This is the least surprising thing I've read all year tbh. If you've looked into its contribution chart on GitHub anytime over the past 2 years, you probably saw this coming. If anything, it's surprising that it took so long.
Imo vscode "won" mainly through 2 basis.
1. Microsoft probably favored vscode and have no reason to maintain 2 editors post GitHub acquisition
2. Performance - vscode is an outlier among electron apps. (eg. syntax highlighting file size limit is 2MB on Atom and 10MB on vscode)
Tbh I'm still a bit bitter that we are now stuck with vscode instead of Atom (+ Nuclide) getting the performance boost. I still love Atom's aesthetics, and Atom is much more customizable afaik (compared to vscode).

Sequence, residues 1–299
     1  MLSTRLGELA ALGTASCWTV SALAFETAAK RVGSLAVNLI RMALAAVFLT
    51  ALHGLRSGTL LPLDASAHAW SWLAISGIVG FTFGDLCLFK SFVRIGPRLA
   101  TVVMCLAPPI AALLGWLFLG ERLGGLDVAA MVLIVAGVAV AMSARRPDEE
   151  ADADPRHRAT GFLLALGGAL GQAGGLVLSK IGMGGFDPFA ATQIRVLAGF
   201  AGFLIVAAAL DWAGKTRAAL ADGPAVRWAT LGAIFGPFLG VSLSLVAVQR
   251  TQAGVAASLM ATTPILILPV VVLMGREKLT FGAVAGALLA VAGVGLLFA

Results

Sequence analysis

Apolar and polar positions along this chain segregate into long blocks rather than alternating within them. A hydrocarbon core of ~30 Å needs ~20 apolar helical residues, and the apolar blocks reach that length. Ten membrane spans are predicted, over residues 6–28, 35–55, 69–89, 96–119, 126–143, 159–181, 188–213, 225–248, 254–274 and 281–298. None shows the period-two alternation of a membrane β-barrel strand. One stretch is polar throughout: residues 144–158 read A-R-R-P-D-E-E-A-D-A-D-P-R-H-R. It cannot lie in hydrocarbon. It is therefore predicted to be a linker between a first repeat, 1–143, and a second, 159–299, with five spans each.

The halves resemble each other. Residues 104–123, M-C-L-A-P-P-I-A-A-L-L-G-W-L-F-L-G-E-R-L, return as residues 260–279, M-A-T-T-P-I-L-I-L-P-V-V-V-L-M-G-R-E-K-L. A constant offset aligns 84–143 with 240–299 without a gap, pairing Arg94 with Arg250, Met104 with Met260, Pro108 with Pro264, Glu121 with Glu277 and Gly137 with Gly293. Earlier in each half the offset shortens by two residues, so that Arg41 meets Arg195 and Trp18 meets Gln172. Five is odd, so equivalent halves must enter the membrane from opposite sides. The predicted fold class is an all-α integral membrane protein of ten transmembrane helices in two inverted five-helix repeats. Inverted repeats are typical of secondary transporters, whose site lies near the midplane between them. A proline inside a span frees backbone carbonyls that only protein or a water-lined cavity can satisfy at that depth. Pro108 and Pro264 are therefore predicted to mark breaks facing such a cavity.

Also, Atom is *fully* open source while VSCode is *mostly* open source. The difference is probably negligible for most people but the fact that VSCodium needed to exist speaks volumes about it.
For reference, here are the product download page comparison between then and now. Notice the subtle change in language from "Open source" to "Built on open source".
Many features that a lot of people use (and love) on VSCode is fully proprietary and unsupported on VSCodium (or if you compile from source). For eg, WSL connection, Live Share... Even using the extension marketplace on it is legally ambiguous.
At work, I use VSCode exclusively. For personal projects, I have a Windows laptop and I do my development on WSL so VSCode is my only option but I definitely wish there's an alternative that allows me to do some sort of remote development with stable connection.